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Innocent Kid Freed 24 Yrs After Wrongly Convicted Of Murder — Reveals Why He’s “Not Angry.”

In 1990, wealthy Puerto Rican businessman Domingo Martinez was robbed and murdered in Philadelphia. Cops soon singled out 16-year-old Shaun Thomas and his friends in the North Philadelphia’s Abbotsford Homes housing project as suspects.

But Shaun had a seemingly air-tight alibi: he was at a hearing at Center City’s Youth Study Center for an unrelated juvenile offense at the time the murder was committed.


Despite the evidence to support this fact, Shaun was convicted of murder on January 31, 1995 and sentenced to life without parole. He was locked up at age 19.

Shaun tried to years to fight the ruling, but his appeals were dismissed. So Shaun took it upon himself to win his freedom.

“From the time I got locked up to the time I got released, I wrote letters,”Shaun recently said. “I wrote letters to people I didn’t even know. I just knew that one day – I didn’t know when – that I would be a free person.â€

Over the 24 years that Shaun spent in prison, he continued to fight for justice. “Keep writing. Keep fighting. Never give up.” That became Shaun’s mantra.


In 2009, a retired Philadelphia police officer and attorney received one of Shaun’s letters. He believed Shaun’s story and took up his case on a pro bono basis on behalf of the Pennsylvania Innocence Project.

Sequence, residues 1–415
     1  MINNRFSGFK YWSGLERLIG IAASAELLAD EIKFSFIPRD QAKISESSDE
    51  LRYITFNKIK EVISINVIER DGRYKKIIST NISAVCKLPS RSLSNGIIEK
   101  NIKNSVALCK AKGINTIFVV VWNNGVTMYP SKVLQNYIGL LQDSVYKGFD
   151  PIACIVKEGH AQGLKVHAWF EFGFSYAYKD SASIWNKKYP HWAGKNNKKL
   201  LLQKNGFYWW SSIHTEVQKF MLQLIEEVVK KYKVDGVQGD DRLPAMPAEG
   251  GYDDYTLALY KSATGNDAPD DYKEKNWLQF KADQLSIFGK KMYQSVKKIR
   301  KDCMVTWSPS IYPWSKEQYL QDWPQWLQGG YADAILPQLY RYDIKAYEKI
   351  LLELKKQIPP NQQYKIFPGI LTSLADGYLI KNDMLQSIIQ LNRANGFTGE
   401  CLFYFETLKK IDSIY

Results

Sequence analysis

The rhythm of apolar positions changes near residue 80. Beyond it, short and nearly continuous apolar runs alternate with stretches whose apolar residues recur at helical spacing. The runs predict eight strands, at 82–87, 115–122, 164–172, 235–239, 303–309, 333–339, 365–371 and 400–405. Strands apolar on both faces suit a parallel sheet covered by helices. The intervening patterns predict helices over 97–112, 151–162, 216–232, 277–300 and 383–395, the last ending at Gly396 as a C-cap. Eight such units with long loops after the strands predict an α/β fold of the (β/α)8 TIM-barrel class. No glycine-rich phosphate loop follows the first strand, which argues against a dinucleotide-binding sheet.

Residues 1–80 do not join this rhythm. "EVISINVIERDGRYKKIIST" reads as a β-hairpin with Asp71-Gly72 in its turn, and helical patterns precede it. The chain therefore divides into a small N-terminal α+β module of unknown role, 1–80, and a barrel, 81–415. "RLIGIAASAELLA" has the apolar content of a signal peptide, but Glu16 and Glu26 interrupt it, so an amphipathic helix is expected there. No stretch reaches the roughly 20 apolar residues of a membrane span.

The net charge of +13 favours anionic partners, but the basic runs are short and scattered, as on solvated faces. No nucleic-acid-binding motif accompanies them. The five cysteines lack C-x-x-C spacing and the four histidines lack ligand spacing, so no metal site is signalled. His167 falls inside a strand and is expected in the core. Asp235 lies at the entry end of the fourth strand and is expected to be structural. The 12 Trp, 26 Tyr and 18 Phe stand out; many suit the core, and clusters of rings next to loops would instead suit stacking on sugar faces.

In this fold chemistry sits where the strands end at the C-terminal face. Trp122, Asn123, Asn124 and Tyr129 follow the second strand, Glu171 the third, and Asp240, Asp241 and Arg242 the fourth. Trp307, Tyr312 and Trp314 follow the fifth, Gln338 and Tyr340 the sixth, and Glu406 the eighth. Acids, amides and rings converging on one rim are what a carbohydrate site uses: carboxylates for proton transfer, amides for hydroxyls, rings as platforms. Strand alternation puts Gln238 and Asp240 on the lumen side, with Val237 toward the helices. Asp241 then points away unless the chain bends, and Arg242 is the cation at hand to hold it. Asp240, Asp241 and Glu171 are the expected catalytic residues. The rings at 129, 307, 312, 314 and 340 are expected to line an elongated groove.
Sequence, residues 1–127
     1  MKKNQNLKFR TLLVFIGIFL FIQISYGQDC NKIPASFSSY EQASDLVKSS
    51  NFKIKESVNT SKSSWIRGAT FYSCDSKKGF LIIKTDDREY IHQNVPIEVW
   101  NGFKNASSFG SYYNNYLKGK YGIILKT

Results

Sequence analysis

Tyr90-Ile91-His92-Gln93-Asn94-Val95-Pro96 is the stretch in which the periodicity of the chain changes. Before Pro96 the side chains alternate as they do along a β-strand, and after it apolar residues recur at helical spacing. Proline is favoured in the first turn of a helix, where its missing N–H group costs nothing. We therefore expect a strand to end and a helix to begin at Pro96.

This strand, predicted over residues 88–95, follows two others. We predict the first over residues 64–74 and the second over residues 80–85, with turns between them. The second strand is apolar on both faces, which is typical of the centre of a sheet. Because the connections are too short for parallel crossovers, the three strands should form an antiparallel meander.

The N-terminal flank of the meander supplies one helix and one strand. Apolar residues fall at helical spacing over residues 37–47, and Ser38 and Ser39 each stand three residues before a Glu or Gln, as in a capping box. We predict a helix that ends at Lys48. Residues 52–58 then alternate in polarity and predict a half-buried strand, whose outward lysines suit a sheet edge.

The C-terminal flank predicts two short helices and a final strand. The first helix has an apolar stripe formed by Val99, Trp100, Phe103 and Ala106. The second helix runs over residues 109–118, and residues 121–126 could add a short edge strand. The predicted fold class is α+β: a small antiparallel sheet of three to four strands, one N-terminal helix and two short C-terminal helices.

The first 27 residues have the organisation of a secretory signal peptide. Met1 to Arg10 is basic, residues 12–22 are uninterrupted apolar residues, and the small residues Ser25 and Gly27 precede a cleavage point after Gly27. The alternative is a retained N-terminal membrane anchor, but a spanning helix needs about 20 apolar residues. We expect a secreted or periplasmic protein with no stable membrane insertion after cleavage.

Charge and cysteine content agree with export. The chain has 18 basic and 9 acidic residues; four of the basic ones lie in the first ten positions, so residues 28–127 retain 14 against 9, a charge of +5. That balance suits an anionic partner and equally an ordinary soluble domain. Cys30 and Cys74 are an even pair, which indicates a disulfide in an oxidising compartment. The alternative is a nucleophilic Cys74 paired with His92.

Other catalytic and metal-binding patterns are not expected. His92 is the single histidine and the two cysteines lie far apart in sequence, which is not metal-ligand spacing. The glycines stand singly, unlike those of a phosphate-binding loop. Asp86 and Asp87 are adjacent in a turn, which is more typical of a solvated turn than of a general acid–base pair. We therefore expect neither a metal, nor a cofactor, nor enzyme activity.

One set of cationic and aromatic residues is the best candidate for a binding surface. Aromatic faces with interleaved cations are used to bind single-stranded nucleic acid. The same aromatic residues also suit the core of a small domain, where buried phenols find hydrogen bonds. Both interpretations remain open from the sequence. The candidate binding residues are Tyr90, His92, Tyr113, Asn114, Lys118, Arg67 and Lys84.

One of the most bizarre factors in Shaun’s conviction was a missing case file. The police lost the 36-page file on the Martinez’s murder, a file which contained names of all other suspects. The file was lost until it mysteriously turned up in May 2017, over 20 years after it first went missing.

When the file was found, an alternate murder theory came to light. Not only that, attorneys interviewed the man who accused Shaun of the murder. Two decades after making his accusation, he admitted it was all a lie.

Now, at age 43, Shaun is, at last, a free man.


“It’s been a long struggle, but you can’t give up. That’s why I’m here today.”Amazingly, he’s not bitter: “You know, time heals all wounds.”

A devout Muslim, he says his faith kept him sane. That, and an incredible support team of friends, family, and pro bono lawyers.


“I don’t feel angry. I feel a little disappointed that the system let me down to a degree but I don’t feel angry, because I support myself with a nice group of people. I believed in God, and I believed in myself, and I believed in you know the people that surrounded me,” he said.


Now Shaun is most excited to spend time with friends and family, to marry his fiancée who he met in prison, and to see his little brother play basketball.

“I learned a lot in prison,” added Shaun. “I learned… maturity, I learned to respect things, and I learned that family will be there–no matter what–at the end of the day.”


Share if Shaun’s incredible story of perseverance and forgiveness inspired you today!

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